Tagging Provision

Find out how easy it can be to add metadata tags to content
add metadata tags to content

Project Description/Issue

The client is a joint-venture (JV), operating one of the largest, most complex fields in the Middle East. The joint-venture was taking over an asset from the long-term operator, and faced a number of contractual challenges in obtaining legacy content built-up over decades, as well as preparing to take over the operatorship of the field. The client therefore had limited access to the existing content, limited knowledge of the field itself, and a looming deadline to achieve readiness. In one example of the challenges facing the JV, when asked how many wells the field had, there were more answers than people asked.

Flare’s Approach

Flare provided a service to pilot the Catalog software. This involved collaboration with the client to understand the current information available, identify what questions users might ask, and building the knowledge base of assets.

During the discovery phase of the engagement, new terms were also added to the Flare Taxonomies, reflecting the complexity of the field. This is normal and is part of the service offered by Flare. All wells were added to the Reference data system, as were any known aliases or unusual terms.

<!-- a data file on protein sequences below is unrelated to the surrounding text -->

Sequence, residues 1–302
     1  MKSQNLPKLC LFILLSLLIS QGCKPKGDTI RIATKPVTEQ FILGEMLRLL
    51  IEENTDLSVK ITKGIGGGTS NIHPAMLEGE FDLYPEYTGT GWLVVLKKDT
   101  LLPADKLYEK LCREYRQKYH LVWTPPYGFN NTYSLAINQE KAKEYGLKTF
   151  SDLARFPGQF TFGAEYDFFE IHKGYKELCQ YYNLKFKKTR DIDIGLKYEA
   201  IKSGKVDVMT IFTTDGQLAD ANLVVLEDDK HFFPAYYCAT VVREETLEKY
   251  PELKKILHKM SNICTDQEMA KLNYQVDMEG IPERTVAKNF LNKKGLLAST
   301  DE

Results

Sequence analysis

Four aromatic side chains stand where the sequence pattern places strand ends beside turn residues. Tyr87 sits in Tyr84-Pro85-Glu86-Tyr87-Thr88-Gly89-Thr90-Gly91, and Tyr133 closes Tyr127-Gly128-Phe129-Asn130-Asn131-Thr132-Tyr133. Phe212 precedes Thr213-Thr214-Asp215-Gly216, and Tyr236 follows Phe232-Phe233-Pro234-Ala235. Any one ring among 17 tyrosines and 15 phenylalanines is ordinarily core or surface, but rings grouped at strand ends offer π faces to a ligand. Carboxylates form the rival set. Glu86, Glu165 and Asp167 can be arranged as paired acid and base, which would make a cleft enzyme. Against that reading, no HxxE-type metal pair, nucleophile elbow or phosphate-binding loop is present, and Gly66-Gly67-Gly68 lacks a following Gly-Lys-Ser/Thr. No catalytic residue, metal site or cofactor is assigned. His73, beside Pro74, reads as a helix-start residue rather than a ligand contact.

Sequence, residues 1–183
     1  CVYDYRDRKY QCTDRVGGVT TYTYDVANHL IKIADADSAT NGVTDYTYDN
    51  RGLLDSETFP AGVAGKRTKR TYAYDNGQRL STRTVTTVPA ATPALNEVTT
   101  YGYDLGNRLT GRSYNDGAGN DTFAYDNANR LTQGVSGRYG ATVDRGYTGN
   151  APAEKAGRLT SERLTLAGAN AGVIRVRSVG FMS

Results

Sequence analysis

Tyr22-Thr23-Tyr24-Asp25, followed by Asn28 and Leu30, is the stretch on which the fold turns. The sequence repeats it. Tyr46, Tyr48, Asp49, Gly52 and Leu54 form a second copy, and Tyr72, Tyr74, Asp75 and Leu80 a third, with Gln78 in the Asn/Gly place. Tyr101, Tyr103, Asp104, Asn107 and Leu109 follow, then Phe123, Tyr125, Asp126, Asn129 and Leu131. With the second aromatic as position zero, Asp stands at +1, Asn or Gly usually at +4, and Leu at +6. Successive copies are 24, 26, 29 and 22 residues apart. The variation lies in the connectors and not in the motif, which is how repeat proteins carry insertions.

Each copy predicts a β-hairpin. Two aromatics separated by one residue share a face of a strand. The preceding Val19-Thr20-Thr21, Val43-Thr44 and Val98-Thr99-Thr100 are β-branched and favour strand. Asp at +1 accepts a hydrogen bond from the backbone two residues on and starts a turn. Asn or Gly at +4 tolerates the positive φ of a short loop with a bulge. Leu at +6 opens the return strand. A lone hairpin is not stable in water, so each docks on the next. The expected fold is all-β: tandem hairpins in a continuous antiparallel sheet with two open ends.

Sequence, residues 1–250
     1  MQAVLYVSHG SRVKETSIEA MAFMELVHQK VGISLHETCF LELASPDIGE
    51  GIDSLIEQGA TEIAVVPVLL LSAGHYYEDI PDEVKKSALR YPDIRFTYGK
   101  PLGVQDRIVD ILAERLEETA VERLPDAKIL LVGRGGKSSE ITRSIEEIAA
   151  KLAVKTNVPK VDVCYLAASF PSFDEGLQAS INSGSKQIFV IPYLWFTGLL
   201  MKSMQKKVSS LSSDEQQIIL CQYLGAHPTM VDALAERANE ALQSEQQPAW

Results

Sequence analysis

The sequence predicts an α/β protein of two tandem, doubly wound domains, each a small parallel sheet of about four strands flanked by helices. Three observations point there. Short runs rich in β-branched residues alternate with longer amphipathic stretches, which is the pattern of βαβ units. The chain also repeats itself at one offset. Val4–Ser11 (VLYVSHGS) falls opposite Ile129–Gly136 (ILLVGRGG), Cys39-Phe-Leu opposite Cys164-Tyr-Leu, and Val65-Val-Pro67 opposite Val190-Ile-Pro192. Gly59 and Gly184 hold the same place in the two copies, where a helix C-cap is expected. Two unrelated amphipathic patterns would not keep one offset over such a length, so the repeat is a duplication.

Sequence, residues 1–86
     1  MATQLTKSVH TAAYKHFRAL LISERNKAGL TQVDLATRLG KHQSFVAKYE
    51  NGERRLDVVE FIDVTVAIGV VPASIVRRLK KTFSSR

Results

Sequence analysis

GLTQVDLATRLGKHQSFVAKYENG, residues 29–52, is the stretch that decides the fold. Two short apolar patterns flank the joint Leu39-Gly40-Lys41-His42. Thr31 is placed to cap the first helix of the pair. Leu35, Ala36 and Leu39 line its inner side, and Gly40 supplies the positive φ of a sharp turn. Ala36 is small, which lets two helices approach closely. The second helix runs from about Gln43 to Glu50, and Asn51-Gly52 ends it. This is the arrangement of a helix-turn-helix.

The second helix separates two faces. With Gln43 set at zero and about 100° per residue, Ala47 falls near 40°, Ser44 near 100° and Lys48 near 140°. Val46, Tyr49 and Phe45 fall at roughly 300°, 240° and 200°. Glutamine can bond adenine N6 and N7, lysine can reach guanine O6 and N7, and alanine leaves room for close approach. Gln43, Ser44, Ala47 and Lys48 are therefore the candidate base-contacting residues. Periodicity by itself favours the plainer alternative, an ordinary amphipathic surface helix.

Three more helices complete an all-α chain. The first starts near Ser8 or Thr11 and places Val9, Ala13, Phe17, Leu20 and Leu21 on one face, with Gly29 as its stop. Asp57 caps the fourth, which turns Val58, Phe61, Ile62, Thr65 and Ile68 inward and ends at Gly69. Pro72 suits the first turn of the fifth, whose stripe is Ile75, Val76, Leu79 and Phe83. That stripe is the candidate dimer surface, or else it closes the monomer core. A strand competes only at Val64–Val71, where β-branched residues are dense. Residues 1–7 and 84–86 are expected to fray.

Using a combination of manual review, and automated tagging, over 12M files were organised and tagged, making them visible within the Catalog and supported by Taxonomies. This included sophisticated approaches to tagging content with standard names, supported by aliases. Flare also attempted to reduce information overload by tagging at an appropriate level within folder hierarchies – as sometimes several thousand items on a network drive do not require tagging – rather one item would be sufficient, e.g. Reservoir Model.

As information was tagged and reviewed by the deployment team, more terms and aliases were added to well names to support future searches.

The solution used Flare Taxonomies, Cortex and the Catalog, to provide visibility over available information resources.


All content was tagged at the appropriate level, using common and agreed naming standards.

Good information structure helped reduce information overload.

It was easy to find information, irrespective of the search terms used by the individual technical staff.

The pilot was successful and since taking over operatorship, the client is now considering the use of Flare’s Folio application to manage working and final content.

Scroll to top